Zachary David-Michael Bryant was on his first Boy Scout camping trip with Troop 213 when he lived up to their motto: “Be Prepared.”
Bryant, a member of Boy Scout Troop 213, was whitewater rafting with other Scouts on the Nantahala River in North Carolina in late July, when he pulled a 12-year-old boy from the cold, swirling rapids.
“It was the hand of God,” said Bryant, 16, a junior at Druid Hills High School. “My left is the weaker hand, and he probably weighed a little over 100 pounds. He was wet, too. I just give all the glory to God.”
Troop 213 is chartered out of Ebenezer Baptist Church in Atlanta, which recently recognized the troop for the heroic deed during a men’s prayer breakfast and, later, during Sunday services. The troop from Ebenezer was started by the Rev. Martin Luther King Sr., although under a different troop number.
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“I was just beaming with pride,” said C. David Moody, president of the board of the Atlanta Area Council of Boy Scouts of America, which has more than 30,000 Scouts. “They were prepared and they were ready. These were young boys and they stayed calm. That’s what Scouting teaches you, and I think this is something they will carry with them through life.”
The afternoon of July 19 began quietly enough.
Members of Troop 213, which has 19 youths registered to the program, had spent the week camping at Woodruff Scout Camp in nearby Blairsville, said Byron King, committee chairman of Ebenezer’s Boy Scout Troop . They had planned to return to Atlanta the next day and decided to go whitewater rafting with other Scouts.
DeShaun Baker, 19, an Eagle Scout and assistant junior scoutmaster for Troop 213, was leading one group in one of the rafts.
Bryant and Baker of Decatur, a sophomore accounting major at Reinhardt University, said they were just having fun when they heard a youth screaming for help, who turned out to be a Scout from Effingham County, had fallen in the water.
Barbara Rafferty of Marlow was in a raft with seven others, including her two sons.
The raft had hit some rocks earlier, and members of Troop 213 had helped them off the rocks. This time, though, as they neared the end of the trip and hit rocks again, her 12-year-old son, James, was thrown into the water.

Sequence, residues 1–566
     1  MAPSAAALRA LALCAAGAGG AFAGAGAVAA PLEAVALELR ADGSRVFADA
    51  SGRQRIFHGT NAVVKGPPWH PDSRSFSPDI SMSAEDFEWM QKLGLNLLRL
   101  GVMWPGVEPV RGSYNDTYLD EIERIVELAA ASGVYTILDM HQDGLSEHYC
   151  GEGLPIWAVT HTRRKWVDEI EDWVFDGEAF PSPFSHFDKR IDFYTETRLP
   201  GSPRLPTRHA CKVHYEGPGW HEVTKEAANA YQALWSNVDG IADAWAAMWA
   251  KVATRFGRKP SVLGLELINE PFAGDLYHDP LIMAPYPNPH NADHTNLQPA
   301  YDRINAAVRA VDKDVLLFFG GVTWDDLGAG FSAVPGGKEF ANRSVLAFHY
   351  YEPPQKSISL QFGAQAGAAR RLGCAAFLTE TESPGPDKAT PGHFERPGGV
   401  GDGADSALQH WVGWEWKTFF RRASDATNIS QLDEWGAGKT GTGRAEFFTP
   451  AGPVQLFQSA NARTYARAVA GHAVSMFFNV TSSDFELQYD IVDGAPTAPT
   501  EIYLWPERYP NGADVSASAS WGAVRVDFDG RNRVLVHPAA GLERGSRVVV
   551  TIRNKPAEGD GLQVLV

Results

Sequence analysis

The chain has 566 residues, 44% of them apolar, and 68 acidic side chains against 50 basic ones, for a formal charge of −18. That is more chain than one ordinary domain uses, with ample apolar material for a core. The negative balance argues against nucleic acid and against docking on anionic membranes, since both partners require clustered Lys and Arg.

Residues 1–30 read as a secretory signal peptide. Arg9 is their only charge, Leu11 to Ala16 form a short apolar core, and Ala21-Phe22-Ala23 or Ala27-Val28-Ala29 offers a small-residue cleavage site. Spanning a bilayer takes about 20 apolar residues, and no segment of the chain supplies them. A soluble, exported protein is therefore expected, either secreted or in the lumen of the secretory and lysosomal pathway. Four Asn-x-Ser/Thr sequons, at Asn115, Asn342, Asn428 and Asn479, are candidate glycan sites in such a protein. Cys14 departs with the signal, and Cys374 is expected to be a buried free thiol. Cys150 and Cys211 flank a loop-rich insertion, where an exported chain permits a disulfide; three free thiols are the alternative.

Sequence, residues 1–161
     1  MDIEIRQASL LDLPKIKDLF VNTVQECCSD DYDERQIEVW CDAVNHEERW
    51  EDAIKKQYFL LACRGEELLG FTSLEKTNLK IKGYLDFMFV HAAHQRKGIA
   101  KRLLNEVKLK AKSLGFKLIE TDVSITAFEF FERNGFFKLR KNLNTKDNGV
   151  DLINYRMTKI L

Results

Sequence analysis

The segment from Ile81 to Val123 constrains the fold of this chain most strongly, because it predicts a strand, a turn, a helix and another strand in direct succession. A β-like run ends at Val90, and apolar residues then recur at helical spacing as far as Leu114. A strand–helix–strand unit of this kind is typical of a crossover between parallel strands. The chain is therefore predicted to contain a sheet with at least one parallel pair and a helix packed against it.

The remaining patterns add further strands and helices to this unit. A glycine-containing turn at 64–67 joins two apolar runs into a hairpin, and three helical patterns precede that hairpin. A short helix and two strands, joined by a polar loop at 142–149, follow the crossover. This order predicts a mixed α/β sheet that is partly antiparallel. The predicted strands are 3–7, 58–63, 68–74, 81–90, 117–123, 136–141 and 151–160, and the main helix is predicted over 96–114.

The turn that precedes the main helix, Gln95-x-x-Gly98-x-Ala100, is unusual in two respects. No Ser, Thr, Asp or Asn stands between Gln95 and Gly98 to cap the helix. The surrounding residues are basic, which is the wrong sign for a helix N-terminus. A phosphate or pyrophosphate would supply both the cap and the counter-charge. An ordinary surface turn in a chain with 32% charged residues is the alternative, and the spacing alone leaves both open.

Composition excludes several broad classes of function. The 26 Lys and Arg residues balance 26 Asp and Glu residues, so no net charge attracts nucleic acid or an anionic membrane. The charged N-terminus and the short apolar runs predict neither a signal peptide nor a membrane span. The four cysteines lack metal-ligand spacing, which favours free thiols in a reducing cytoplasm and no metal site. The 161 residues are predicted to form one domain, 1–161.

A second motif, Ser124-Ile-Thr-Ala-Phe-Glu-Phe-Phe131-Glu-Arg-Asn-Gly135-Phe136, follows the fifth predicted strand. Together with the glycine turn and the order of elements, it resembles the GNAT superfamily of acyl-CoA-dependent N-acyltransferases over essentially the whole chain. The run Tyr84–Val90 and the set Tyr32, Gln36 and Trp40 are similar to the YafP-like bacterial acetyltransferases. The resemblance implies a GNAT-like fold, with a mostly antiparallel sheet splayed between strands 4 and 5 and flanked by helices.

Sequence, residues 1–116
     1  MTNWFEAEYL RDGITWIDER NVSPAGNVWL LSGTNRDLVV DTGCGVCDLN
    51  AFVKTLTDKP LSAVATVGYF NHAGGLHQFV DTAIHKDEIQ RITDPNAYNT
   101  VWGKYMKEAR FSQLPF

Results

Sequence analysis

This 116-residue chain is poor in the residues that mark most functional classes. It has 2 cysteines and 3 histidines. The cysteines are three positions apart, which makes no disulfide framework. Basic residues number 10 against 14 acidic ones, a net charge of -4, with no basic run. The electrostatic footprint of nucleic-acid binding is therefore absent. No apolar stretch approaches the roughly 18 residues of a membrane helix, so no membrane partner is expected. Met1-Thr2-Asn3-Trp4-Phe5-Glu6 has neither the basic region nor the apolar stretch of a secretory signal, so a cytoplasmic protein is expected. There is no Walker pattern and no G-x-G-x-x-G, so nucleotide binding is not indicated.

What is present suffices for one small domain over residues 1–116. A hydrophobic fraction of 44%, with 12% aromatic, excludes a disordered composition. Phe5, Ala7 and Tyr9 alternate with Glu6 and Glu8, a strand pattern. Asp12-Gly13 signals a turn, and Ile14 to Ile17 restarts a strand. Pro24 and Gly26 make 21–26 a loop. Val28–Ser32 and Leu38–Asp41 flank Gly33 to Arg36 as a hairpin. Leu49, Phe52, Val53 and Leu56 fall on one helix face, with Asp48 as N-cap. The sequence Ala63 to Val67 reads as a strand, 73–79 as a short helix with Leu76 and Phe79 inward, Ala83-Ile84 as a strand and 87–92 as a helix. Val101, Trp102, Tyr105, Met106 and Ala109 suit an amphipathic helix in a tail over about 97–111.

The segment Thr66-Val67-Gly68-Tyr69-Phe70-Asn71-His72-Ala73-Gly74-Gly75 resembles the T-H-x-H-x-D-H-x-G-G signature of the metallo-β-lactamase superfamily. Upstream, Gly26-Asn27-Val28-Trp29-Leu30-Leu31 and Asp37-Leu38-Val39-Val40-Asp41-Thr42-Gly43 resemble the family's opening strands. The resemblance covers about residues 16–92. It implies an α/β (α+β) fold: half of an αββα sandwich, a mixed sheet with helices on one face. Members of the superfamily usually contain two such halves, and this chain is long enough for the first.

“Most of it had been pretty calm and fun,” she said in a phone interview. Near the end of the ride, she said, the water was rougher and the rapids were stronger. Everyone calls that area the waterfalls.
Their raft went backward at times. Other times, it went sideways or in circles.
James, she said, who’s a good swimmer, didn’t just fall in, “he fell in and took off. The current just took him. I could tell from his face he was shocked. The water was really cold. He looked at me and I looked at him.”
He bobbed up and down in the water. Each time he came up, he later told his mom, he got a gulp of air.
She said a kayaker tried to get James closer to the raft. James had yelled for help, and the kayaker told James to start swimming. Bryant and others were off to the side, trying to row against the current.
Baker said his group had hit the rocks earlier. The currents were now hurling James toward a huge rock.
Bryant, a 170-pound guard on his school’s basketball team, wanted to help, but the more experienced Baker told him to wait until he could safely maneuver the raft to get closer to the boy.
Bryant reached in and grabbed the boy, who was wearing a life jacket and a helmet, and pulled him in the raft that contained Scouts Tafari Cooke, Kai Harris, Mateo Hunter, Prince Clark and Jamari Aycock. The ordeal seemed to last only a few minutes.
Rafferty watched as Bryant stood up in the raft and grabbed her son.
She said her sixth-grader is more than 80 pounds, but knows it was no easy task because he was wet.
“They were in the right place at the right time, and that is wonderful,” she said. She said her son was bruised but otherwise OK.
Bryant has a little brother who is about the same size and age. Thoughts of his brother in the same situation flickered through his mind.
“He was kind of quiet at first,” said Bryant. “I knew he was scared because my little brother would have been.”
Before hitting the water, outfitters will advise people how to place themselves in the raft to minimize the risks of falling overboard, especially if the raft hits rocks. They also tell people how to place their bodies so as not to get their feet — or heads — wedged between rocks, which could cause injury or worse. An experienced guide is usually in each raft.
King is proud of his Scouts. “It was a bit surprising that they acted immediately without anybody telling them what to do,” King said. “I appreciate the fact they lived up to the Scouting oath.”
Bryant’s mother is equally proud.
“God uses whomever he chooses,” said Deitra Crawley, Bryant’s mother. “I’m just thankful to God this morning for having his hand on those children.”